SONA AND BEYOND
The debacle at last year’s State on the Nation Address (SONA) set the scene for immense public interest in this year’s address. The fiasco in December when President Zuma appointed three Ministers of Finance in four days heightened public awareness of this year’s event.
In order to avoid a Constitutional Court hearing Zuma made a bid to settle the Nkandla case prior to SONA with an offer that President Zuma would “implement what the Public Protector recommended as remedial action contained in the report” for the upgrades made at his private residence at Nkandla.
The court case however went ahead on Tuesday 9 February, two days before the SONA, because both the EFF and the DA rejected the President’s offer as being too little too late.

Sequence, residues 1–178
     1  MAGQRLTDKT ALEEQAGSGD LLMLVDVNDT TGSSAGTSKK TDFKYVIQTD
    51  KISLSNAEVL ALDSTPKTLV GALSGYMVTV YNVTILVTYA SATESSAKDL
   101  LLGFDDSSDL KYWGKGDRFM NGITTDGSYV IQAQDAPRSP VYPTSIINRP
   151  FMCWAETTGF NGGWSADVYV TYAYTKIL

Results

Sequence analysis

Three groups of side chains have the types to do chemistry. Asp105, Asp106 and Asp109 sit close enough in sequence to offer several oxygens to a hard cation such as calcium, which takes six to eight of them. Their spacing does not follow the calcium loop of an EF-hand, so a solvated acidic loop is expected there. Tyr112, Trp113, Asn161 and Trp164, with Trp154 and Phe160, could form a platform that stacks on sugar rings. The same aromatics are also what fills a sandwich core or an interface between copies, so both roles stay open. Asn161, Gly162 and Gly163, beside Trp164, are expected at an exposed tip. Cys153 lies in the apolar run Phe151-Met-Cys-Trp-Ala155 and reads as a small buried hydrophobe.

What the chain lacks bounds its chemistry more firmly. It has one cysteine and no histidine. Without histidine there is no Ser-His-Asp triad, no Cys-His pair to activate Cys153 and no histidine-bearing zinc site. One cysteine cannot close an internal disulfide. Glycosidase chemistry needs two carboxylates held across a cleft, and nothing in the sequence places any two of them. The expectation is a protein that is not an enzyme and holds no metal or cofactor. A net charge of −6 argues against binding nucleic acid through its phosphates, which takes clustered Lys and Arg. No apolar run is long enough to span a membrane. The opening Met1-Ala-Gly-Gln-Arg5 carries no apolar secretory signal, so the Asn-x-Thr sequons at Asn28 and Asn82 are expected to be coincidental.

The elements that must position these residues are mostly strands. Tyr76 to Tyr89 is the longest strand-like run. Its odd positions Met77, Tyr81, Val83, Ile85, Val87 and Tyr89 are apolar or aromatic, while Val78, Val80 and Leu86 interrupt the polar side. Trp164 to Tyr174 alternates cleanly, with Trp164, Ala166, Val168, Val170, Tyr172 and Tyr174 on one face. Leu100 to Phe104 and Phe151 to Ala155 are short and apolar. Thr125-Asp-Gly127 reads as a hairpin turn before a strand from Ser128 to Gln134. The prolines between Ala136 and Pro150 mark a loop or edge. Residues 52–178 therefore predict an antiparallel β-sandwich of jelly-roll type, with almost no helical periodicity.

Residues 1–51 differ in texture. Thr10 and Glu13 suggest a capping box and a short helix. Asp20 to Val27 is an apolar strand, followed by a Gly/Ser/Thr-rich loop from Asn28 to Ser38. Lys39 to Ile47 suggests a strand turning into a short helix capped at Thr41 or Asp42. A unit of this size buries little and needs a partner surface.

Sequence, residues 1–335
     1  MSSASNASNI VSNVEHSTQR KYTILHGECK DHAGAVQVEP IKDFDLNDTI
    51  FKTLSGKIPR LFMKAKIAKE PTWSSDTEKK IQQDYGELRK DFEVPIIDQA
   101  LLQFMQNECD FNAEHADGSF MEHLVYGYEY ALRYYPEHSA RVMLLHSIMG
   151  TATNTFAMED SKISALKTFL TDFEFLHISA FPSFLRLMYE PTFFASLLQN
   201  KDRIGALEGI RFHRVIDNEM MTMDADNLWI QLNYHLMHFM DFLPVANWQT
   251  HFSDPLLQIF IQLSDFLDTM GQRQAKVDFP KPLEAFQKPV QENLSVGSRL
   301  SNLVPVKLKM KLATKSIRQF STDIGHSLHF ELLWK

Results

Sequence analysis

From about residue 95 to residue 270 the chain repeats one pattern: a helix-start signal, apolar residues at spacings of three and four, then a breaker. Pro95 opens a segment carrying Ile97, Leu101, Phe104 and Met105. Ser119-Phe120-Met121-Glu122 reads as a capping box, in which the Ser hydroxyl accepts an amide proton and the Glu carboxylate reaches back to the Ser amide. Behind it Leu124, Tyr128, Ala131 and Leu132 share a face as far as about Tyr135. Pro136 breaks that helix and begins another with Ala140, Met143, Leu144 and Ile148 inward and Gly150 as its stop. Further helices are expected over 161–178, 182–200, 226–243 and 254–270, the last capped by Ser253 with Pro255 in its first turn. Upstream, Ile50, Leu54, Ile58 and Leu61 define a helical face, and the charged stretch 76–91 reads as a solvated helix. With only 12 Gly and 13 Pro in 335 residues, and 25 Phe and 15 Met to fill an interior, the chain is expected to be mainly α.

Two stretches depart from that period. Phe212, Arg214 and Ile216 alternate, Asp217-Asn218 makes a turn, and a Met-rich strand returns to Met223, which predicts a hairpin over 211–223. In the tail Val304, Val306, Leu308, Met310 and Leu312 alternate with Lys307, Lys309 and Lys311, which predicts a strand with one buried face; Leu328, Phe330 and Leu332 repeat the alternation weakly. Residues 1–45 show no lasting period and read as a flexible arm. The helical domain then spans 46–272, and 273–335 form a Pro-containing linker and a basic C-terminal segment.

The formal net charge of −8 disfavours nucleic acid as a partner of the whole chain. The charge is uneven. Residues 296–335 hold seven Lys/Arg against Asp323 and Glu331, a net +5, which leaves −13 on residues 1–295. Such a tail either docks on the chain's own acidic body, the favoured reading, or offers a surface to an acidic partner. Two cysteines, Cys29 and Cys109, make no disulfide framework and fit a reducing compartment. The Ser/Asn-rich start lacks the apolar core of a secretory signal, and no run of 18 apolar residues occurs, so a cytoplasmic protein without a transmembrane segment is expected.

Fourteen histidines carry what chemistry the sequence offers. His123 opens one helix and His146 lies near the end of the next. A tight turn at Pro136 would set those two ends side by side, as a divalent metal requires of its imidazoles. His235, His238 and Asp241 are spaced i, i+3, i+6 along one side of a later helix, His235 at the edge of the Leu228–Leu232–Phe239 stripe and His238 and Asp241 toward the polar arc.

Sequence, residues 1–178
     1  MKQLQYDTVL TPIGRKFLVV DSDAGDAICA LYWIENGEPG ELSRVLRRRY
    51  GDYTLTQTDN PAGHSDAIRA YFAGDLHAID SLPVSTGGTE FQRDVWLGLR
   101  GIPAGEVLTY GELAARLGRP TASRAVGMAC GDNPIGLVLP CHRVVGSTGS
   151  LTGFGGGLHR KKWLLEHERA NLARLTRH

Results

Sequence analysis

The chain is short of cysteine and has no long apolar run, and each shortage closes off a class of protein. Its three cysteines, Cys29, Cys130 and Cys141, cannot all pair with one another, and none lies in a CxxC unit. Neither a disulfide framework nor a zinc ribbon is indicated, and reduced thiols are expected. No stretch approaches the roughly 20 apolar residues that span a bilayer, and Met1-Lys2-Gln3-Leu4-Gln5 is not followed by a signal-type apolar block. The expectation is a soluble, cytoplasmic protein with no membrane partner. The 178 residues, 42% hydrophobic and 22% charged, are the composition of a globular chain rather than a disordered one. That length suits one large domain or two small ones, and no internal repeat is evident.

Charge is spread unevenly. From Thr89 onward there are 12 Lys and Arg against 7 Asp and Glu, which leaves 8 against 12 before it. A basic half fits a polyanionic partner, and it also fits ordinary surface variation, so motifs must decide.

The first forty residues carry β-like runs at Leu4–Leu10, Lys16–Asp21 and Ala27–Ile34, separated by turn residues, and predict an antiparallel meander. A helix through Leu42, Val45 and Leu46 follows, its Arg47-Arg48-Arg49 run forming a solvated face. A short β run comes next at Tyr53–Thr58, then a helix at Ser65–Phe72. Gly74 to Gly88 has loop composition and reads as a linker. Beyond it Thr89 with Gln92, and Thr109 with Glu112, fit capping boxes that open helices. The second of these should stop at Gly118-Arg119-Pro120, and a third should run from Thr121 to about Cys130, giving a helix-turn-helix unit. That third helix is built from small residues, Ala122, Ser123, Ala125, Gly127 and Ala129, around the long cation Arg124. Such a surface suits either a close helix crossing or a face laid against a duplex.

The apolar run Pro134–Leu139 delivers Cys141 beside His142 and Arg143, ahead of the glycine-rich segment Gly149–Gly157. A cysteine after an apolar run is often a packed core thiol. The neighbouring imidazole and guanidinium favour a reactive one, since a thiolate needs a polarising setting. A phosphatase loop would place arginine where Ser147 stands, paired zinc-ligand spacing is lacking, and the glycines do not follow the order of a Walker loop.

South Africans were therefore treated to the most degrading spectacle of the Senior Counsel for the President, Adv. Jeremy Gauntlet, conceding that the Public Protector’s findings into security upgrades at Nkandla were in fact binding. Advocate Gauntlett seemed to be more concerned to avoid that declaratory order would be issued by the court that could be used to push for Zuma’s impeachment.
A case of the President having to beg to keep his job?
Zuma is not known for his loyalty when personally at risk. It therefore came as no surprise that when asked about the Minister of Police’s report and whether the court should rely on it Gauntlett said “we take the point… that the Police Minister has in a sense shot his bolt in making findings,” He later added. “they place no reliance on the Police Minister’s report”.